Conversations with Carly: Label Your Socks

There are certain experiences you don’t forget from childhood- experiences that leave a particular impression on you, whether it’s because it was something so new or so ingrained, it happened so quickly or took so long. One such experience (that I am certain took months to complete when I think back on it) was labeling my clothes for Ranch Camp each summer. I remember staying up to help my mom iron my name onto every single sock I owned into the wee hours of the morning before the first day of camp. Those little Gold Toe socks were so important. I remember the whirlwind that was meeting my counselors at the J on the first day and getting on the bus in the blink of an eye. I remember how much extra time it felt like I had in the morning when I was in the “freebie” spot on the chore chart once a week. I remember searching through my bag, too big for 19 days of camp, for the awesome blue and white dress with a palm tree on it that I had picked out special for Shabbat.

What I remember most though was this feeling of awe on my first Friday night. We were singing tunes and reciting prayers that I knew from home… at camp Shabbat services! How could everyone at camp, all the way in Elbert, Colorado, possibly know the same prayers and tunes that I knew? Even more so, why did it feel so much more magical to be singing surrounded by people I had only just met? I mean, the horses running behind the Pavilions as we prayed certainly didn’t hurt the ambiance, but it was more than the beauty of the Black Forest. My first Ranch Camp Shabbat service in July of 2001 was one of the first times I really felt connected to something bigger than myself, which we can agree is no small feat for a sixth grader. It was my “ah-ha” moment.

Nearly two decades later, I still actively seek out and find myself in communities that energize me in the same way. Towards the end of this most recent summer I posted a photo at camp on Instagram with the hashtag #onemoreweek. My friend from camp, David, immediately commented, “You can’t say it’s only ‘one more week’ when we all know you haven’t really left Ranch Camp in the last, like, 17 years.” And David isn’t wrong. I found a space at camp that has excited, energized, and invigorated me. It makes me question what Judaism means to me, what it means to be a citizen of this world, and how to be the best version of myself. And I’m not looking to leave a community like this any time soon.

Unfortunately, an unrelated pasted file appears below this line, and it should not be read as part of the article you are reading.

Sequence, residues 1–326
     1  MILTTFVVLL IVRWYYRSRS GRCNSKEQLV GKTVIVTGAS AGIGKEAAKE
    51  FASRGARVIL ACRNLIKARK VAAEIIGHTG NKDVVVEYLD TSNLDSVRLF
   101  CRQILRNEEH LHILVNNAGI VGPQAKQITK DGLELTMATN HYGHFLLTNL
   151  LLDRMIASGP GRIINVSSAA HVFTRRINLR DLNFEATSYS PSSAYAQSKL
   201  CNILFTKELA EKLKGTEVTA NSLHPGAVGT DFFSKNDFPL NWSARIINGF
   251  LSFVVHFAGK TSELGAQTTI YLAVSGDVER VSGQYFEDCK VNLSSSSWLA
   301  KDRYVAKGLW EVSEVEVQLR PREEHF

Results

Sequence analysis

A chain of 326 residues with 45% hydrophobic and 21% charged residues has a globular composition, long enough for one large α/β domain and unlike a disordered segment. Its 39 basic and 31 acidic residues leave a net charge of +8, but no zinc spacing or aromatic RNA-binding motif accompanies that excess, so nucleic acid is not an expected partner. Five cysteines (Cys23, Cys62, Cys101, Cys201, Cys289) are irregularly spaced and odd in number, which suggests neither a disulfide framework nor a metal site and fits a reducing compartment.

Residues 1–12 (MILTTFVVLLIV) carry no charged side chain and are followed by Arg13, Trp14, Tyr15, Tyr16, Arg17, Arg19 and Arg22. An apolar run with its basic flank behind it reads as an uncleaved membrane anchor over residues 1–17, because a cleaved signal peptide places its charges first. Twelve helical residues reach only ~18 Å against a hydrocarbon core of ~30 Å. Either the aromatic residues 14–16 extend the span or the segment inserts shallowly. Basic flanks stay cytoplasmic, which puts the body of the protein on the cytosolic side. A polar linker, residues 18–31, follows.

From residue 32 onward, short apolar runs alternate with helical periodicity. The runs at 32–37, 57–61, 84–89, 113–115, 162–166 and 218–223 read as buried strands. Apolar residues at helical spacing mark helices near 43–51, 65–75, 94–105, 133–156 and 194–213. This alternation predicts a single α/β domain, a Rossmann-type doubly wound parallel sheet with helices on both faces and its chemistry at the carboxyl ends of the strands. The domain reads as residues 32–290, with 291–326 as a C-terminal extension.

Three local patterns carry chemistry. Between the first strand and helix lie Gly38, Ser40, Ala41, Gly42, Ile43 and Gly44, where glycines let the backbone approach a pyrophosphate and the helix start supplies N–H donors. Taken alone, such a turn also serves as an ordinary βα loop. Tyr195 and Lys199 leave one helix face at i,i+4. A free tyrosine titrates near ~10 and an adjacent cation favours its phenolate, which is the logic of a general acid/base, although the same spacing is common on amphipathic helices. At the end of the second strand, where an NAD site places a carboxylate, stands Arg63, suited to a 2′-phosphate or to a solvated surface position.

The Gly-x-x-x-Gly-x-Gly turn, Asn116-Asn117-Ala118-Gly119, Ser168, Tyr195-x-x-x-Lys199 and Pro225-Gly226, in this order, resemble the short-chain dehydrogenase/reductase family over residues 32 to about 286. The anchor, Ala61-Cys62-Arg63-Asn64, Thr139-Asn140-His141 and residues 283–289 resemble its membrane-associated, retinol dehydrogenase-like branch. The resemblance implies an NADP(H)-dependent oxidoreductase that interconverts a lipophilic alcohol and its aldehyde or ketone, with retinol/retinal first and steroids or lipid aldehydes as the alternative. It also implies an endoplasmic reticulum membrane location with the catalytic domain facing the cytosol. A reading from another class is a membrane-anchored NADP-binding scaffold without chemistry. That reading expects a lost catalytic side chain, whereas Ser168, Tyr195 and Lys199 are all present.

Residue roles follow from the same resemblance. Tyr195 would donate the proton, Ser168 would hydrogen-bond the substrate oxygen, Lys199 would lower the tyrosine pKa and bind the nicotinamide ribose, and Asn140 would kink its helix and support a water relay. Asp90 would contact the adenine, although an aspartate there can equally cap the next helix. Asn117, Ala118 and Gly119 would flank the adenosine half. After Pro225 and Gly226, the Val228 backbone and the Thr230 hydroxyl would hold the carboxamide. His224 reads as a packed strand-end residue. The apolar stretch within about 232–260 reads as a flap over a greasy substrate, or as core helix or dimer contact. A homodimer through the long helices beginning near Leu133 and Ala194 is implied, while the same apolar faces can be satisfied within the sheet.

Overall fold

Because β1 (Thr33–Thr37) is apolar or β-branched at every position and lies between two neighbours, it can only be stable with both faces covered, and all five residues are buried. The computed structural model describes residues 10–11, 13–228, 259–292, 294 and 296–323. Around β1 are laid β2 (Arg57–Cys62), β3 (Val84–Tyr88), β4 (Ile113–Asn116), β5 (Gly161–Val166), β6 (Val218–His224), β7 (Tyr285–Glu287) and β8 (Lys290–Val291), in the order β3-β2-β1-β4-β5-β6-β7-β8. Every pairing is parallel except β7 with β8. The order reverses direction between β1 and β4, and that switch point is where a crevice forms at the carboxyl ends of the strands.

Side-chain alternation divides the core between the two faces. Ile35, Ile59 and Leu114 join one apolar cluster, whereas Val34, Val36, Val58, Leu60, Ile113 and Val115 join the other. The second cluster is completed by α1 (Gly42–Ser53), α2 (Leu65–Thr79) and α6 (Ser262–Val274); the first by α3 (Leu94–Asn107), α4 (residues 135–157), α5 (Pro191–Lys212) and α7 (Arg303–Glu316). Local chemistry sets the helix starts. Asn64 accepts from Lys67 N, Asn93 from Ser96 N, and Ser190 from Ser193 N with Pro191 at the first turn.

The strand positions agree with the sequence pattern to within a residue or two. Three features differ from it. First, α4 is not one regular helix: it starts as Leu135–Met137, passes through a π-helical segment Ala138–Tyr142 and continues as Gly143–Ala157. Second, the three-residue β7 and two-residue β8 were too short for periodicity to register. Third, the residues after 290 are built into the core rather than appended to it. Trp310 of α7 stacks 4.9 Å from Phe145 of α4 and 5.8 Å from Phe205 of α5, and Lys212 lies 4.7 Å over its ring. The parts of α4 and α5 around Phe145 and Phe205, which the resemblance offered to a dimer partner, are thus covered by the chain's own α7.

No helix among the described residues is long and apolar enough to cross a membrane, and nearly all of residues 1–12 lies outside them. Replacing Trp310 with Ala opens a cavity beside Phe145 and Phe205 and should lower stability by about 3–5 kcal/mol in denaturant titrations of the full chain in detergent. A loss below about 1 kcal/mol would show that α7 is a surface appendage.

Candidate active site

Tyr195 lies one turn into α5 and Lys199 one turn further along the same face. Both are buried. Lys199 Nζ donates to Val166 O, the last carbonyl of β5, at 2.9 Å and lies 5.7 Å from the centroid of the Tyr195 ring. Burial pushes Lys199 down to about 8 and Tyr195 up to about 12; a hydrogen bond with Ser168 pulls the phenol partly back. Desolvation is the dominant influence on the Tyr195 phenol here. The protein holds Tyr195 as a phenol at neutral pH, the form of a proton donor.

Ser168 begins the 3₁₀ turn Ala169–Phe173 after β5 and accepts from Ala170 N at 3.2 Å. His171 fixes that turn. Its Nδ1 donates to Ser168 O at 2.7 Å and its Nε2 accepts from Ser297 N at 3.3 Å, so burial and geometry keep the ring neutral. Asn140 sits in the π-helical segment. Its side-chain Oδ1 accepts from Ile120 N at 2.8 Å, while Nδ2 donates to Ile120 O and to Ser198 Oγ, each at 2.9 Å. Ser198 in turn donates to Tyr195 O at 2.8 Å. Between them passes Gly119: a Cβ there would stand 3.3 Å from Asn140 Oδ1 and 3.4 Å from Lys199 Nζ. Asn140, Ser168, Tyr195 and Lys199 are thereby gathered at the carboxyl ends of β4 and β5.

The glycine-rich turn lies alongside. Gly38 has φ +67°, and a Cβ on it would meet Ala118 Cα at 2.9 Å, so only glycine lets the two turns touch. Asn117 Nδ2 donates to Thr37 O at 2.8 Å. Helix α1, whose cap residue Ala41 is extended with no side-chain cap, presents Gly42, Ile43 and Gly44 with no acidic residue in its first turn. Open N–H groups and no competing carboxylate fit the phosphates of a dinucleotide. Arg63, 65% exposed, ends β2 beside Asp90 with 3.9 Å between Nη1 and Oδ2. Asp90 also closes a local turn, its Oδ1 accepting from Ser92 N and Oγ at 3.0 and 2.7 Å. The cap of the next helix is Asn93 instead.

Now I’m on the other end of this experience in many ways, working to create opportunities for our campers to have their “ah-ha” moments. Noah, Ryan, and I often find ourselves in late night deep conversations about camp all year long. How do we give our campers the opportunity to live the middot, or values, that we hold as a community? How do we help them learn about Judaism in a way that touches their soul? Most of all, how do we help them hold on to the socks that their parents have meticulously labeled? That last one is a question for the ages.

This past summer we tapped into something new. Our campers walked away feeling a stronger appreciation for the celebration of Shabbat, the pause at the end of our non-stop week. They felt like they were giving back to the community in a meaningful way, whether it was in camp or on a trip, truly embodying the value of tikkun olam, changing the world. They felt like they were learning about and participating in Jewish rituals at camp to new levels. But most of all, and nearest and dearest to my heart, our campers left camp feeling like they were a part of something bigger, something greater than themselves.

Our summer survey results helped us understand that how we incorporated Judaism and education this summer resonated with our campers. We saw a sizable jump in “spiritual, cultural, and religious life” at camp. These results have helped us identify the path that we will continue along next summer: Offering campers different opportunities to lead rituals and services and incorporating Judaism and Jewish values into all areas of camp whether it’s Teva Farm, Ropes Course, or Rikkud (Israeli dance). Hopefully what they experience and learn will continue to translate back to life at home. We hope that each camper, staff, and guest who passes through the Ranch Camp gates will look at the world with more awe. They will see their connection to the greater world, leaving with some moment that made them say “ah-ha!” Whether it’s realizing that they know the same tunes at services or that there is a community of people with their names also ironed on to every sock they own, they are a part of something bigger than themselves. I am confident that there was an 11-year-old at camp with us this summer that will also find themselves still at camp twenty years from now.

And in case any of you were wondering, I still have my hiking socks from Teen Village, and they still have my name ironed on the bottom of them.



Carly Coons | JCC Ranch Camp Assistant Director